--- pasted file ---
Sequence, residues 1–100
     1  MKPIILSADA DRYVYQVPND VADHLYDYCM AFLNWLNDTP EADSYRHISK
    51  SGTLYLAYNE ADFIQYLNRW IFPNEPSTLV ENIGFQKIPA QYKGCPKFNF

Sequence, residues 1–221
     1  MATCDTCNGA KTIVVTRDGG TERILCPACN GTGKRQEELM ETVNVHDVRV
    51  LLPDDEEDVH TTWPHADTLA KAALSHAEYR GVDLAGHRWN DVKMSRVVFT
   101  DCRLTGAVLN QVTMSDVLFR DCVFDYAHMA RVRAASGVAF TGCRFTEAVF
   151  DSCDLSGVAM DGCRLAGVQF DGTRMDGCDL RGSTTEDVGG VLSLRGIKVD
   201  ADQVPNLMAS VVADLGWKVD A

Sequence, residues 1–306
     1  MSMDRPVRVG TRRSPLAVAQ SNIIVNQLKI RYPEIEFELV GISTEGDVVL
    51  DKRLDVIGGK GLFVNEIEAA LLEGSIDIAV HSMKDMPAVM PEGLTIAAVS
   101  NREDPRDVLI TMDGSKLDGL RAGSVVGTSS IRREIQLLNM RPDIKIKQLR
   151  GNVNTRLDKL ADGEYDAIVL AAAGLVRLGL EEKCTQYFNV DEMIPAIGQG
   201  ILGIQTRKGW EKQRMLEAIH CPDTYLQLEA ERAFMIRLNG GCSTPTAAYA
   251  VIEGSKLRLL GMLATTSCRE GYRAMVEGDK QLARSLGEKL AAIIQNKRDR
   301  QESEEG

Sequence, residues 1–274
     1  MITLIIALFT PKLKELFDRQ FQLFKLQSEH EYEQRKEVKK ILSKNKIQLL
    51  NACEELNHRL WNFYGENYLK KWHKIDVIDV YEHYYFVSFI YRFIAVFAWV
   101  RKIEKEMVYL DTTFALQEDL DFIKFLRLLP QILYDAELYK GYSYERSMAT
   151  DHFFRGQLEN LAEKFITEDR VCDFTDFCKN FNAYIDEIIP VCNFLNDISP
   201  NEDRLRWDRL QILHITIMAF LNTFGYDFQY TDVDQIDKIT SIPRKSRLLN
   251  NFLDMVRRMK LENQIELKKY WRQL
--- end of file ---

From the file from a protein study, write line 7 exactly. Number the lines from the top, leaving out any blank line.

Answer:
   101  DCRLTGAVLN QVTMSDVLFR DCVFDYAHMA RVRAASGVAF TGCRFTEAVF